Robust and wonderfully fragrant, mint plants thrive indoors as much as they do outdoors. Mint is an excellent used in sweet and savory dishes, and it is therapeutic, as well.
This easy to grow herb is super adaptable and finds ways to flourish wherever it is planted. If you’ve ever planted it outdoors, you know what I’m talking about! It is well-known for taking over garden beds in its enthusiasm to grow.
Mint’s vigor is what makes it such an excellent choice for growing indoors. It will expand to fit any pot you plant it in and grow vivaciously.
Added bonus: mint is widely considered a repellant for many insects including fleas, roaches, ands, and even spiders. (Learn more about plants that repel spiders.)
Types of mint
This post includes affiliate links, which means I may earn a commission on purchases made at no additional cost to you.
First, the fun part – what type of mint do you want to grow? There are so many types beyond the standard peppermint. Have you ever tried chocolate mint or orange mint? A cup of hot cocoa with a few orange mint leaves is divine.
How to grow mint inside
Mint is extremely easy to grow indoors and out.
Mint plants will grow for many years, but they are best replaced or repotted every three years. Take a cutting from the old plant to start a new one – no need to get seeds or buy a new plant!
We’re going to take a look at growing mint from seed indoors, growing mint from cutting indoors, then general mint light, soil, water, and fertilizer requirements.
How to grow mint indoors from seed
- Plant mint seeds 1/4” deep in a wide container filled with a well-draining seed starting mix. Put several seeds in one pot – they’re super small and hard to plant separately.
- Make sure the pot has drainage holes, or else the roots may rot, and the mint will die.
- Use a wider container as opposed to a deep one because it facilitates the mint plant’s roots better. Mint is a sprawler that likes to spread.
- After planting, water the soil well, but gently. Using a mister can help you avoid moving the small seeds.
- Place the container in a warm location.
- Mist the soil regularly to keep it moist, but not soggy.
- Mint seeds germinate in 10-15 days.
- Once the seeds sprout, move the container to its permanent location.
- Water regularly, about once per week, letting the water drain thoroughly to prevent soggy roots.
- As the seedlings grow, thin them, if desired. It’s best to have just 1-2 plants per pot since they will grow readily and fill the pot easily.
In the image below, you can see many mint seedlings in a pot. These seedlings need to be thinned out. To avoid disrupting the plants you do want to keep, pinch or cut unwanted seedlings off at soil level.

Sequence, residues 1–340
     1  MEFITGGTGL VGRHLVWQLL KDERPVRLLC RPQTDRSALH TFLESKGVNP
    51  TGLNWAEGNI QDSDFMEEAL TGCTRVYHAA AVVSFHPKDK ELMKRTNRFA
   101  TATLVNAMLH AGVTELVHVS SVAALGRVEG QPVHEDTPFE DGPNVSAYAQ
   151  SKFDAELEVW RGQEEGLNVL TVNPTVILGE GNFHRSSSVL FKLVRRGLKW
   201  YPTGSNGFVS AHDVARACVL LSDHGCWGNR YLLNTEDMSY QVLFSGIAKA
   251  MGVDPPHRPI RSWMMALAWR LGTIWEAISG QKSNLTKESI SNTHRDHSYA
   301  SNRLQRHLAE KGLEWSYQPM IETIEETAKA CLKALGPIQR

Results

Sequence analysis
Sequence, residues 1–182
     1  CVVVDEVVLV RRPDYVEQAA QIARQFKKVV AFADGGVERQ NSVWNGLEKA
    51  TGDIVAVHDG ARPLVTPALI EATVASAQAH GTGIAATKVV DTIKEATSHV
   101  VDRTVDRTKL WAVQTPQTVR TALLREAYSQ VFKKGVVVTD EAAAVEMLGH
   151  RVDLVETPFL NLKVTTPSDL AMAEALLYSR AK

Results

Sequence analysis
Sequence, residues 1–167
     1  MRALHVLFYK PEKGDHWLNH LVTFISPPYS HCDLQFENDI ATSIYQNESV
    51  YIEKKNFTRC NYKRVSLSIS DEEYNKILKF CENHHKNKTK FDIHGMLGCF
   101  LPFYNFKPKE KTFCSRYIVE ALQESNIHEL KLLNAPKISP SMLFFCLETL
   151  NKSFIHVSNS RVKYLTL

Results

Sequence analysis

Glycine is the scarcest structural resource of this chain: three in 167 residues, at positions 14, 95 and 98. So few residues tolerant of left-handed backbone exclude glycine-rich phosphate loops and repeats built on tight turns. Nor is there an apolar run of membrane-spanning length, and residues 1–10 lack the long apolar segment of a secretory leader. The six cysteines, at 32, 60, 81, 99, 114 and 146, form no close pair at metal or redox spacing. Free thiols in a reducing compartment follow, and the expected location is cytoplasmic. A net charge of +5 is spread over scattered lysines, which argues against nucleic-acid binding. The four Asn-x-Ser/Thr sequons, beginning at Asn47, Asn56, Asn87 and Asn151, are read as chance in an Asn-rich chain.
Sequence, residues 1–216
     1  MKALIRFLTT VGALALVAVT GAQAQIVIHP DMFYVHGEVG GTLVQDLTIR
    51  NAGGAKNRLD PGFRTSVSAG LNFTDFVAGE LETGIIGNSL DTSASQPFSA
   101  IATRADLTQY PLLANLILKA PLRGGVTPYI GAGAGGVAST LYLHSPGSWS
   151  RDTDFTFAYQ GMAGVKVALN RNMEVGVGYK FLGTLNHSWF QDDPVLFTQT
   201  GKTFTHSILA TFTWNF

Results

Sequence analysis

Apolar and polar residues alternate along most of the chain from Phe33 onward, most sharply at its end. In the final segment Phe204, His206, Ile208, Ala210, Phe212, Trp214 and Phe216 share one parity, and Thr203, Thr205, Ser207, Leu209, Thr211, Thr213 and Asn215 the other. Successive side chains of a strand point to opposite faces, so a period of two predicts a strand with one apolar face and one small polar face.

Seed starting mix is a sterile medium that’s best for starting seeds. Non-sterile grow mediums, like your garden soil or regular potting soil, may contain various mold and fungi that can damage seedlings.
A common seedling problem is “damping off.” Damping off is caused by various mold and fungi that prefer cool, wet conditions. It can kill seedlings or severely stunt their growth. (source)
If you don’t have seed starting mix, you can bake your potting soil to sterilize it. Place it in a rimmed baking sheet in a 200ºF oven and bake until the internal temperature reaches 180ºF. This typically takes 30-60 minutes. (It also makes your home smell like cooked dirt, which isn’t all that pleasant.)
How to grow mint indoors from cuttings
Stem cuttings are the easiest and quickest way to grow mint. You can easily replicate plants you already have or get a cutting from a friend who already has a mint plant. Because mint cross-pollinates easily, it’s better to cut off any flowers that form and use propagation instead of saving mint seeds.
- Using sharp scissors, cut a 6” piece off the stem just below a node (the intersection between the stem and branching off section). Make sure to get fresh growth, not hard, old, woody growth.
- Carefully remove the leaves from the lower 2” of the stem.
- Place the stem in a small vase or jar of water and place it on a sunny windowsill. If you don’t have a windowsill, or if you have kids/pets that might knock it over (I do), consider using some inexpensive LED grow lights.
- Change the water out daily.
- Let the stem grow in the water until it forms 2-3” roots. Honestly, I’ve planted mint with shorter roots and had them do fine, but it’s better to have longer roots if possible.
- Once there are sufficient roots, plant the stem in a wide pot with good quality well-draining potting soil. Be patient – this can take a couple of weeks.
- Use a container with drainage holes, and one that is wide instead of deep. Mint roots prefer wide, shallow growing containers.
Mint does not typically need a rooting hormone, but using a dusting of rooting hormone on your mint cutting can speed up the rooting process.
If having a jar of water sitting around in your window is unappealing, you can stick mint cuttings into Root Riot cubes or a similar hydroponic grow medium. You do not need a hydroponic system to start plants in these cubes. Place the cubes in a seed starting tray with cells and provide plenty of moisture. Root Riot cubes are my favorite way to propagate mint and start seedlings.
Growing mint hydroponically indoors
Hydroponics, and aquaponics, are great ways to grow mint indoors if you’re interested in getting a little bit more “fancy” with your growing.
The biggest “problem” with growing mint hydroponically is that it will send out runners and try to invade other plants. You have to remove the pod from the system from time to time and cut away “below ground” runners. (Read more about trimming runners in this post on how to pick mint.)